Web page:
Paco Cortés is a master guitarist from Granada. Over the course of his long career, he’s worked with major artists such as Enrique Morente, Carmen Linares, and Camarón. His younger brother, Miguel Ángel, is also one of the top flamenco guitarists working today. In addition to being active on the performance circuits, Paco works as a professor of guitar at the Fundación Cristina Heeren.
The interview was conducted on March 12, 2018, at the Fundación Cristina Heeren de Arte Flamenco in Sevilla, Spain. It will be published over the course of several posts.
My name is Francisco Cortés Urbano. I’m from Granada, I grew up in the caves of the Sacromonte. I have a brother who also plays the guitar, Miguel Ángel Cortés. My father danced, but he’s no longer with us. My mother sings and yes, she is still with us. We’re from a family of artists. I got up on stage first, because I was the oldest child. My parents got me into one of the tourist places in the Sacromonte as a dancer. An uncle of mine there put a guitar in my hand and my father said, “let’s see if the kid likes the guitar, show him some things.” He bought me a guitar and here we are today.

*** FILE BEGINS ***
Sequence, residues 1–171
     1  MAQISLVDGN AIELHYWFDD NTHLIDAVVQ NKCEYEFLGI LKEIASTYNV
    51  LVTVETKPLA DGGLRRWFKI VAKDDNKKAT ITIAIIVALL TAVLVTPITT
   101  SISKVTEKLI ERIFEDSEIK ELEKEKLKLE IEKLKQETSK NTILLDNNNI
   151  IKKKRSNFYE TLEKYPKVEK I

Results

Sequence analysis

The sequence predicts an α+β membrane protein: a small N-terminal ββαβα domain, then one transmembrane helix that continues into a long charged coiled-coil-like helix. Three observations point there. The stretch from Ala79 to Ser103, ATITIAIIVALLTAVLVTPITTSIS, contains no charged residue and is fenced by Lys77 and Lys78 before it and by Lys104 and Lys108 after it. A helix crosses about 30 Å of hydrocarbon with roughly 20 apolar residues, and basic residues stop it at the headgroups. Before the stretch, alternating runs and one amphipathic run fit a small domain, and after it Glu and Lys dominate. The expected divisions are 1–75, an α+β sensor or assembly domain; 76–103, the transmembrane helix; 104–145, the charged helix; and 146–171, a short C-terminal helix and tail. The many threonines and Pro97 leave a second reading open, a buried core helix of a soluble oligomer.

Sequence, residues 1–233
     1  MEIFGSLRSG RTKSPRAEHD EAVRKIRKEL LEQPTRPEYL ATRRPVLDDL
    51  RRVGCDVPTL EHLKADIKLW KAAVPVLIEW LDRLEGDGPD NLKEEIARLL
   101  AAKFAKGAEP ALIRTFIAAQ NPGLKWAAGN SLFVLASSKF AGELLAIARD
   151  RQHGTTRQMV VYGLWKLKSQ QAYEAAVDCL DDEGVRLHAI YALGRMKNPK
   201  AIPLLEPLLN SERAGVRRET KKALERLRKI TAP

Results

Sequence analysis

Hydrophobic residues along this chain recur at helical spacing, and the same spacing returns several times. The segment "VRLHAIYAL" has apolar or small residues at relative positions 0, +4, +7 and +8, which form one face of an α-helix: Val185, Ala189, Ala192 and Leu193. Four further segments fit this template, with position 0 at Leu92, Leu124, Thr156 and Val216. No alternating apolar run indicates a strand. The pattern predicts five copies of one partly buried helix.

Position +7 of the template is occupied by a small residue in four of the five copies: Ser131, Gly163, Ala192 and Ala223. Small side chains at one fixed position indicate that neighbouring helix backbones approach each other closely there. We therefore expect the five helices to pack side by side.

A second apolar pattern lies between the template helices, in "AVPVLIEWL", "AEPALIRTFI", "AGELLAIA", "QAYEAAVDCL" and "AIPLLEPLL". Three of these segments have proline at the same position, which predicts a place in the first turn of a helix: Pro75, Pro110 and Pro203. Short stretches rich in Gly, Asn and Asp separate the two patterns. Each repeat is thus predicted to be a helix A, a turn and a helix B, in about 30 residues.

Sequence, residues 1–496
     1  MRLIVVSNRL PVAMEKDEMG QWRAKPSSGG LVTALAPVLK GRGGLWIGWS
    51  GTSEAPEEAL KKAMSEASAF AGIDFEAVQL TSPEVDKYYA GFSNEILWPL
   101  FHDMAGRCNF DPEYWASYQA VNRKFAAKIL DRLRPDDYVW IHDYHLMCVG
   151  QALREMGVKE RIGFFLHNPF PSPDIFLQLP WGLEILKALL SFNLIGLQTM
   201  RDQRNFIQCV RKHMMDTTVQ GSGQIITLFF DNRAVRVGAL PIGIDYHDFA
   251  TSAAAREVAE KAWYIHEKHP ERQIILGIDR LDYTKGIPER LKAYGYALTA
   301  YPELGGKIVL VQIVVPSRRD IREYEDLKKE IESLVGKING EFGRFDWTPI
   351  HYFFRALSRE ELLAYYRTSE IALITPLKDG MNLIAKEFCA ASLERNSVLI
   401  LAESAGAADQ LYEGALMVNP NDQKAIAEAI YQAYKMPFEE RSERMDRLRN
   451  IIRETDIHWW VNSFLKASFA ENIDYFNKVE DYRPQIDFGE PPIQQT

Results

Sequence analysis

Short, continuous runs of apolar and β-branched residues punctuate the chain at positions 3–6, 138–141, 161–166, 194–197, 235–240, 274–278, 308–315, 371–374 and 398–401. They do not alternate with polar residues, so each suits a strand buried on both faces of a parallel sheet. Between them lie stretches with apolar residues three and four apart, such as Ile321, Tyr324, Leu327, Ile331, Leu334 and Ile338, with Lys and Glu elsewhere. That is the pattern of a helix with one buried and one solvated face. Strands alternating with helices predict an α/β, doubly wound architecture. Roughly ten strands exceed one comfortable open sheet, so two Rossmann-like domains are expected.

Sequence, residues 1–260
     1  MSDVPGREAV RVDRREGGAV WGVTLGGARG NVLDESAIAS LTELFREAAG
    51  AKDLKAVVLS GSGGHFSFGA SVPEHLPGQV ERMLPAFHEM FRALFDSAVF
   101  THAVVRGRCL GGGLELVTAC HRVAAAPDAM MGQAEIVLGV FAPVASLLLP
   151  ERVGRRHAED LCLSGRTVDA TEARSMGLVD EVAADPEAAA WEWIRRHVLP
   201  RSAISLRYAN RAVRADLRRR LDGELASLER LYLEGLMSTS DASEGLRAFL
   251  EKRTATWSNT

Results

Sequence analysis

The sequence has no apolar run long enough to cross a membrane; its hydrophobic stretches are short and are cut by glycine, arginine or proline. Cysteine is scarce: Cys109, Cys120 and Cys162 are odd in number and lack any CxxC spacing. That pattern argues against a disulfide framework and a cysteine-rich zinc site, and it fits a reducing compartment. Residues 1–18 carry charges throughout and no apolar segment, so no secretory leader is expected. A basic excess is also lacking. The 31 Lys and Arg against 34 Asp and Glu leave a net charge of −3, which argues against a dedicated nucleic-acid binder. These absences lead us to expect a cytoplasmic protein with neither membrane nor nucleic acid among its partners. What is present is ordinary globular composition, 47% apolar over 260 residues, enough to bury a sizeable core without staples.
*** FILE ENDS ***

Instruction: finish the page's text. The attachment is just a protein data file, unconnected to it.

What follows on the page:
When you think about the flamenco community in general, what is the image you have?
I think I was one of the lucky guitarists. Some have more name recognition than others, and some play more than others. But, the truth is that I was lucky because I was born at a time when there were some really big maestros still alive from the previous period. Some are still around, but most are not. I caught all that at a time when I was playing well, the time of Enrique Morente, Lebrijano, Pansequito, many flamenco festivals, Mario Maya, El Güito, Manuela Carrasco. Those artists do a lot less now, but when they do things they still do them really well, those that are still around. It was the time of Camarón too, and of Paco [De Lucía], who was a friend of mine. Now I’m part of this new moment, that of the younger flamencos of today. You have Arcangel, Marina [Heredia], los Reyes.